Written by Trevor Kouritzin B.E. (chemical)
Being a university student, and cheap (although I like to use the word frugal), I have developed a few tips and strategies for saving money on groceries over the years.
All stores are not created equal
Where you shop makes a huge difference. Wholesale clubs like Costco and no-frills grocery stores like Super Store are your best options. Remember that the price you pay for groceries goes into everything associated with the shopping experience. You will pay more for groceries to have a nicer atmosphere, customer service and faster check out service. Especially for non-perishable products like rice, oatmeal, frozen berries, condiments etc. it makes sense to buy in bulk. I will use steel cut oatmeal as an example. Costco sells a 3.17Kg bag of steel cut oatmeal (organic to boot) for $6.99. Save On Foods sells a 680g bag of steel cut oatmeal for $3.99. For less than double the price, you are getting over five times more oatmeal. Check the bulk section and bulk stores such as Bulk Barn as well. You can often get a really good deal on nuts there.
Watch for sales
Each week I go through the flyers of the major grocery retailers and see what’s on special. It’s part of my Saturday morning ritual. If something I regularly eat goes on sale, like wild salmon, I will purchase as much as my freezer will hold. Just be prepared to be questioned by the cashier about which restaurant you manage or how large your family is. The look on the cashiers face when you tell them you live alone is always worth the trip in itself.
Stores like Superstore often have freebies when you spend a certain amount. About once a month Superstore will put out an offer where if you spend over $250 you get a $25 gift card. I wait until this coupon comes out and then stock up on non-perishable items like apple cider vinegar, tooth paste etc. to reach the $250 quota and get the gift card. All other weeks my grocery bills are much smaller and mainly based on perishable items.
Similarly, Safeway, Save On Foods and Sobeys have a customer appreciation sale the first Tuesday of every month where everything is 10-15% off with a minimum purchase. This is another great day to make a big trip and stock up. Your freezer is your wallets best friend.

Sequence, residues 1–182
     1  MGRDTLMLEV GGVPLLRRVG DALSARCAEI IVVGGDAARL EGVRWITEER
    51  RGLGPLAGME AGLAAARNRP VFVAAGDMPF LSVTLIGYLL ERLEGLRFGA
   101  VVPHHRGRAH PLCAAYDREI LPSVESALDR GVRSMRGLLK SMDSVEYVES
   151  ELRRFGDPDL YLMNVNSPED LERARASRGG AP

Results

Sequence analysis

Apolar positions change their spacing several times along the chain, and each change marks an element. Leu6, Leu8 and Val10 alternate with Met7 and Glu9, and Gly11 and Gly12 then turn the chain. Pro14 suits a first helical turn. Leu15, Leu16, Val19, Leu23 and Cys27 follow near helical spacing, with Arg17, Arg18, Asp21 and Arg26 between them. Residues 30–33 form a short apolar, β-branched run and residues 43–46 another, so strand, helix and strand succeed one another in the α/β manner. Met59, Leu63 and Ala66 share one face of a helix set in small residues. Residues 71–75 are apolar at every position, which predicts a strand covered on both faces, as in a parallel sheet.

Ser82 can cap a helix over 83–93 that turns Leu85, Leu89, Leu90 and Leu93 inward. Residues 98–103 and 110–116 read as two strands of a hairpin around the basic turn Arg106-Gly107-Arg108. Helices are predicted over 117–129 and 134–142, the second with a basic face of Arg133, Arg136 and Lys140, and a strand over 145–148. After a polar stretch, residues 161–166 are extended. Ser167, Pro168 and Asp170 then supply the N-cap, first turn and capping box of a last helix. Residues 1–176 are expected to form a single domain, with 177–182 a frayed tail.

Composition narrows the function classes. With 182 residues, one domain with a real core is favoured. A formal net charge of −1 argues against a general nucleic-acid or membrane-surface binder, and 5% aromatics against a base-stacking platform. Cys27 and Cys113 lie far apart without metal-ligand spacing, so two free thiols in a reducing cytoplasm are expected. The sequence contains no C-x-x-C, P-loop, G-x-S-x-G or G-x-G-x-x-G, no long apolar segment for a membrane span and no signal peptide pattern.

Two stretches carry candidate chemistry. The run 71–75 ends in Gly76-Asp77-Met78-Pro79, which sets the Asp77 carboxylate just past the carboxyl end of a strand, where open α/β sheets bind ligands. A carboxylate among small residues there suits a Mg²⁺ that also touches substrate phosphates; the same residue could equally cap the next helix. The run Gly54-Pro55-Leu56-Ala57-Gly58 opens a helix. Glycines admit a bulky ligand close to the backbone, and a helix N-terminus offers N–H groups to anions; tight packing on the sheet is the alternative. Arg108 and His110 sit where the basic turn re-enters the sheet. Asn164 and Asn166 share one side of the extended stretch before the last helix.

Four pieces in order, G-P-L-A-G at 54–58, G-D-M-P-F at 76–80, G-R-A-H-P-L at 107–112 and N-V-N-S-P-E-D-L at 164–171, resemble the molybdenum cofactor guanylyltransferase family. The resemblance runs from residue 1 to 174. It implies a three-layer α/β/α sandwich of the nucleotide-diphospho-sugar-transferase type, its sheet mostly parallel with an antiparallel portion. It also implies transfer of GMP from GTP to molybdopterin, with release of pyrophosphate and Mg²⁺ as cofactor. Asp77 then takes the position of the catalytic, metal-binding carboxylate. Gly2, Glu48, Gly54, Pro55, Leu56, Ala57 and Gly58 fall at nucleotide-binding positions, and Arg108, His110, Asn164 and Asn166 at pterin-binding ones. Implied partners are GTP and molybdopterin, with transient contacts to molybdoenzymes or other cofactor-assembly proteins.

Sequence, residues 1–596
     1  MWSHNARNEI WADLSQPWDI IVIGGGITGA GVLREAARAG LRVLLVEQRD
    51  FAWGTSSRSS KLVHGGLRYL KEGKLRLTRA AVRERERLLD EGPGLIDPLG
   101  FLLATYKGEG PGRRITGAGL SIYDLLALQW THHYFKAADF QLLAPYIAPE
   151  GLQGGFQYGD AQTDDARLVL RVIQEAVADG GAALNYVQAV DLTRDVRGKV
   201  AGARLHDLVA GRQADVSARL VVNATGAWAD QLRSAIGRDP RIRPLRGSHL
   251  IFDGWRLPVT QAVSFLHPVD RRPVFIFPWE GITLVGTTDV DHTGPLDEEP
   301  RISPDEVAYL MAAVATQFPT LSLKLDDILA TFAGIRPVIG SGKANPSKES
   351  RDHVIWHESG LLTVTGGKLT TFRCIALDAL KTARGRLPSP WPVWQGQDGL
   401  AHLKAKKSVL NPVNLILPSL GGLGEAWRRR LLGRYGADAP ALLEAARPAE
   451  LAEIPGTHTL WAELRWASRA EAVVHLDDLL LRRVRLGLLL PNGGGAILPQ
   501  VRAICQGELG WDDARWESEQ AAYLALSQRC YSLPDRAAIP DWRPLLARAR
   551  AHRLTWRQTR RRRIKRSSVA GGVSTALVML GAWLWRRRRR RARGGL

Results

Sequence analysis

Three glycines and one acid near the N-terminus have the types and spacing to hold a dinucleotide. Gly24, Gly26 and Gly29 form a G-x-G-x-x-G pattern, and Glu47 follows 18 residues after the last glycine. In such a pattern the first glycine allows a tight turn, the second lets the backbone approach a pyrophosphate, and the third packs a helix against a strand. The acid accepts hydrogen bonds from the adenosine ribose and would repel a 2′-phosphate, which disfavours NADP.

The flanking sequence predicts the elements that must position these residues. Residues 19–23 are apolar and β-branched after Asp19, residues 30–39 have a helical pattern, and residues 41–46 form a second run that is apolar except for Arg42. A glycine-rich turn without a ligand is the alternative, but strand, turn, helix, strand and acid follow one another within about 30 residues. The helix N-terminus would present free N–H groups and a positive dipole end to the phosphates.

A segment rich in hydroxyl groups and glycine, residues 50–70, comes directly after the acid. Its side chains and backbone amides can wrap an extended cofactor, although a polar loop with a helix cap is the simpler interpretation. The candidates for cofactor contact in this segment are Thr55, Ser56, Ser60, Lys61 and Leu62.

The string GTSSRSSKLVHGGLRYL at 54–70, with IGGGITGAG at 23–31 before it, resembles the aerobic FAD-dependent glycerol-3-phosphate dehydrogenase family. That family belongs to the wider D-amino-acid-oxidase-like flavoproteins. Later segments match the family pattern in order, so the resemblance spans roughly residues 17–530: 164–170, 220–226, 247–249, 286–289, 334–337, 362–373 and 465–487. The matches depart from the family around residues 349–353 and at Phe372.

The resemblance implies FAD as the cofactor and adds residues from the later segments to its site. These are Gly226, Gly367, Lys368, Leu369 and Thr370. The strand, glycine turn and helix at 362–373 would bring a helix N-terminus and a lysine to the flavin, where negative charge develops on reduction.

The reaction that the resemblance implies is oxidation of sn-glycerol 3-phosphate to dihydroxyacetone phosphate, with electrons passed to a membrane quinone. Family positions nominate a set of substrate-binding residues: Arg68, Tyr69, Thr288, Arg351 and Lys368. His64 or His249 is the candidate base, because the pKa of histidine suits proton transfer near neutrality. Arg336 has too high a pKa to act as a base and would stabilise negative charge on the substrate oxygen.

Keep an eye out for clearance merchandise
Especially in the meat and produce department, grocery stores will put products on sale for 30-50% off their original price if they are a few days away from their best before date. Take this tip with caution as you should always look and see how close the product is to expiry. If your peach looks more like a potato, it’s not worth the 30% off. However, you can often get bananas that need to be eaten in the next few days, or chicken then needs to be cooked that night for a significant discount.
Stick to the basics
This is probably the most important tip of them all. If money is tight, stick to your ‘bread and butter’ items. Potatoes, frozen vegetables, rice, tuna, bananas, oatmeal, frozen fish and chicken, and eggs are the items that have the most nutrition bang for your buck. Pre-packaged cold and hot cereals, granola bars, and other packaged foods are great options but you are paying a significant price for the convenience associated with them.
I’ll use cereal as an example. A jumbo one pound box of cereal is around five dollars. Cereal is primarily oatmeal, wheat or rice. A pound of rice costs in the neighborhood of fifty cents. You are paying a 1000% mark up for having the grain popped or toasted, and usually a large amount of sugar and artificial flavors added. Pre-packed foods may seem cheap but if you really break down how many servings you receive per package and what the product really consists of, you will find how significant of a markup they contain.
Buying fresh raspberries in January makes no sense. Frozen fruits and vegetables are great options. The produce is flash frozen directly on the farm, usually within hours of being picked. If picked at the peak of harvest, fresh fruits and vegetables is always the best choice. But when it comes to picking between frozen or produce that has been shipped under ripe haft way across the continent, my vote goes for frozen.
- The following is a list of seasonal fruits and vegetables by month: 
- January: cabbage, broccoli, cauliflower, oranges, grapefruits, tangerines, lemons and papayas
- February: broccoli, cauliflower, oranges, grapefruits, lemons and papayas
- March: broccoli, lettuce, pineapple, mangoes
- April: zucchini, rhubarb, asparagus, spring peas, broccoli, lettuce, pineapple, mangoes
- May: zucchini, asparagus, springs peas, broccoli, lettuce, cherries, pineapple, apricots
- June: corn, lettuce, watermelon, strawberries, cantaloupe, cherries, blueberries, peaches, apricots
- July: cucumbers, tomatoes, corn, green beans, lettuce, watermelon, strawberries, plums, raspberries
- August: cucumbers, green beans, lettuce, watermelon, strawberries, peaches, plums, raspberries
- September: eggplants, pumpkins, spinach, lettuce, grapes, pomegranate
- October: pumpkin, winter squash, broccoli, sweet potatoes, cranberries, apples
- November: pumpkin, winter squash, broccoli, sweet potatoes, mushrooms, spinach, cranberries, pears
- December: broccoli, cauliflower, mushrooms, sweet potato, pears, oranges, grapefruit, papaya
 Bram, T. July. 8, 2014. Fresh Fruits and Vegetables, By The Month. Obtained from: http://www.wisebread.com/fresh-fruits-and-vegetables-by-the-month
[Image source] http://freemanav-ca.com/in-the-news/2014/07/saving-money-on-your-next-event/